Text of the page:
Basal ganglia subcircuits distinctively encode the parsing and concatenation of action sequences.
Jin et al. Nature Neuroscience, Jan 2014.
When we learn to play a musical instrument - say the guitar - first, we have to learn notes, scales and chords; only then we will be able to play a song. The very same rule applies to our basic functions. For example, when we learn how to read, we first learn the alphabet and the rules of grammar, and then we start making sense of sentences. Neuroscientists have been intrigued by this process for many years and they have wanted to understand how our brains efficiently perform complex cognitive functions by connecting separate elements to produce a unique meaningful sequence. A recent study shed some light on this very important question. Scientists found that a specific area of the brain, the basal ganglia, can signal the integration of individual elements into a behavioral sequence. Scientists designed an experiment where they first trained mice to perform gradually faster sequences of lever presses. This behavioral test is very similar to a person learning to play a guitar solo at an increasingly faster pace. Then, they recorded the neural activity in the basal ganglia of mice performing the task and discovered that basal ganglia neurons treat a whole sequence of actions as a single behavior. This mechanism is called "chunking," which allows the brain to efficiently organize memories and actions by integrating individual sequences. It seems like the basal ganglia implement the "chunking." The basal ganglia are known to include two major pathways, the direct and the indirect. Scientists found that these two pathways show similar activities during the initiation of movement, but show differential activations during the execution of behavioral sequences. Interestingly, basal ganglia circuits are implicated in Parkinson's and Huntington's disorders, in which learning of sequences are compromised. Further studies will reveal a more mechanistic understanding of sequence integration in the brain and potential interventions to enhance it in neurological disorders.
Ubx promotes corbicular development in Apis mellifera
Medved V. et al. Biology Letters, Jan 2014
In a hive of honey bees, the queen and worker bees have very different jobs. A new study shows that a single gene called Ultrbithrox (Ubx) separates a queen from worker bees. The Ubx gene was previously known to control leg and hindquarter development in bees. Interestingly, researchers now identified three functions for Ubx specific to worker bees. First, Ubx promotes the development of a smooth spot on the hind legs where the "pollen baskets" are located. Second, Ubx directs the formation of eleven perfectly spaced bristles on the section of the leg called the "pollen comb." Third, Ubx mediates the formation of the "pollen press" which is a protrusion that helps pack and transport pollen back to the hive. Essentially, the Ubx gene promotes the development of three different physical structures on worker bees so that they can collect and transport pollen. Researchers confirmed these findings by silencing the Ubx gene genetically in worker bees and found that specialized leg features, including pollen combs and pollen presses, completely disappeared in the absence of the Ubx gene. Moreover, analyses of other bee species in the region revealed that the size and complexity of pollen baskets are directly correlated with the social behaviors of the particular bee species, suggesting that pollen baskets have yet-to-be-identified roles on the social behaviors of bees. Furthermore, the pollination of 35 percent of the world's crops (with a $216 billion market value) depends on bees carrying pollen from one flower to another. This study might help us to develop new genetic approaches to make bees better, more efficient pollinators and to ultimately combat the worldwide pollination problem.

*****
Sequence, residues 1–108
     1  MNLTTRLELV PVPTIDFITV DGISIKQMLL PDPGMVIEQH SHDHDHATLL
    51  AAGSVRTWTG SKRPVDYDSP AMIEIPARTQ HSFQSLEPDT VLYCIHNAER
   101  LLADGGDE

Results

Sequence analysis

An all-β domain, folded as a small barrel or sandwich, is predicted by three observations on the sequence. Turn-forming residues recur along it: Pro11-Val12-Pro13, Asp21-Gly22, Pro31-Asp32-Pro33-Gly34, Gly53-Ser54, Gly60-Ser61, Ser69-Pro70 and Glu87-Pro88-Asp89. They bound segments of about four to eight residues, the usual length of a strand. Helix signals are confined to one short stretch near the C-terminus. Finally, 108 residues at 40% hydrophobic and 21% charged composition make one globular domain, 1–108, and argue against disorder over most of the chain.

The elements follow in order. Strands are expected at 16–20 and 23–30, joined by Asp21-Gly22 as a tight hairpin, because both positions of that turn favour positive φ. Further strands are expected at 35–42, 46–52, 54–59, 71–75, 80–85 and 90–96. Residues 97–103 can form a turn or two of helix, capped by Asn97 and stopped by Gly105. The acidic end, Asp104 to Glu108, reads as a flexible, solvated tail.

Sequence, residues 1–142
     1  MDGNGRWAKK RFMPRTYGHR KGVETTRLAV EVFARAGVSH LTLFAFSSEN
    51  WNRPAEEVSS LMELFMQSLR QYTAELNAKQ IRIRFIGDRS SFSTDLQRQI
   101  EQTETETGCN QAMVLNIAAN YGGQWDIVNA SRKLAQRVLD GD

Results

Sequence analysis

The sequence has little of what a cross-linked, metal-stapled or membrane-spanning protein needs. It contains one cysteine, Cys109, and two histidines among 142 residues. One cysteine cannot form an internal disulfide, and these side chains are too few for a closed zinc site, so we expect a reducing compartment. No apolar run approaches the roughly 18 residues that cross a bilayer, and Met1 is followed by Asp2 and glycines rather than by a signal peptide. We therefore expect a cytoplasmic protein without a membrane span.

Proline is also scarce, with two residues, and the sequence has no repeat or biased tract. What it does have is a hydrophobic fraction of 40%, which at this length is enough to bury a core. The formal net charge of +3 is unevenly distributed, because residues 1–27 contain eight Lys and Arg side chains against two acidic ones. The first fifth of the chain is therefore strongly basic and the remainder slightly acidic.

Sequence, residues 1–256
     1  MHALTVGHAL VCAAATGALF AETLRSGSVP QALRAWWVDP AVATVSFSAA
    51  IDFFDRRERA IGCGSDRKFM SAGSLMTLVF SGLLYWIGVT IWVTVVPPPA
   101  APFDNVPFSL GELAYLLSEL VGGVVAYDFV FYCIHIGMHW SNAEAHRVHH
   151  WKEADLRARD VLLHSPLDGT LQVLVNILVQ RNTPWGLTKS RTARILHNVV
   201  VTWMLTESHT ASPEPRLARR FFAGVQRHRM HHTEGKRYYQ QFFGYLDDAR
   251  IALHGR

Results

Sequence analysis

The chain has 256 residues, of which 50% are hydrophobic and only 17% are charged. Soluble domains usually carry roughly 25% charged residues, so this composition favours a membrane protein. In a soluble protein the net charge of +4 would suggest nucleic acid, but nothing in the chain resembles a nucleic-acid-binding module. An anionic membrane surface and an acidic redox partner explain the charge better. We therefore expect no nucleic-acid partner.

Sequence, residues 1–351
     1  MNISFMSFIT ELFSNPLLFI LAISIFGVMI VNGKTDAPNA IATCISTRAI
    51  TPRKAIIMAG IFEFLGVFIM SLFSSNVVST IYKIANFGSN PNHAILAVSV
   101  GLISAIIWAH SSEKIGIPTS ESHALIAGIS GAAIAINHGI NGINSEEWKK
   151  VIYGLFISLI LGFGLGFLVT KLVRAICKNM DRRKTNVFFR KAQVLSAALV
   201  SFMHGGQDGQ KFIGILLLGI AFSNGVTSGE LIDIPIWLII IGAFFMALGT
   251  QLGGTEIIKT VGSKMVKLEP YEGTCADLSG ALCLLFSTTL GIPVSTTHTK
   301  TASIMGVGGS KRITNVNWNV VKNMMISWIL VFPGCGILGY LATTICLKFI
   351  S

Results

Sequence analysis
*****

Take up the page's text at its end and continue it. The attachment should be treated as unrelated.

A canonical to non-canonical Wnt signaling switch in haematopoietic stem-cell ageing
Florian MC et al. Nature, October2013
Every single cell in our body ages over time. The aging of a cell is typically characterized by the progressive loss of physiological function and increased vulnerability to death. The aging of our cells/tissues/organs is the primary risk factor for any human diseases. One critical cell type that dramatically changes its properties during aging are blood stem cells, aka Hematopoietic Stem Cells (HSCs). Young HSCs have the capacity to differentiate into the diverse lineages of erythroid, lymphoid, and myeloid cells. Young HSCs are polarized (asymmetrical) cells, in which distinct cytoskeletal proteins (also called the "polarity complex") are asymmetrically distributed within. However, the aged HSCs are mostly apolarized (symmetrical) cells and they differentiate only into lineages of myeloid cells (including, red blood cells, macrophages and monocytes) rather than lymphocytes (white blood cells in the immune system). The molecular changes in aging HSCs have largely been unknown. A recent study published in Nature shed some light onto the molecular identity of the ageing HSCs. Scientists showed that ageing HSCs have higher levels of a secreted protein called WNT5a, whereas the young HSCs have almost no WNT5a protein expressed in the cell. Moreover, the increased levels of WNT5a are found to attenuate the levels of the "polarity complex" proteins in HSCs and thus result in apolarized cells, which resemble the aging HSCs. Furthermore, transplantation studies revealed that increased WNT5a levels cause aging-related phenotypes and low Wnt5a levels promote a rejuvenation process in mice. These findings show that Wnt5a is the key molecule that controls the shift between young and old HSCs. Therapeutic approaches using antagonists of the Wnt5a molecule could potentially alleviate aging-related pathologies in the patients with a variety of blood diseases.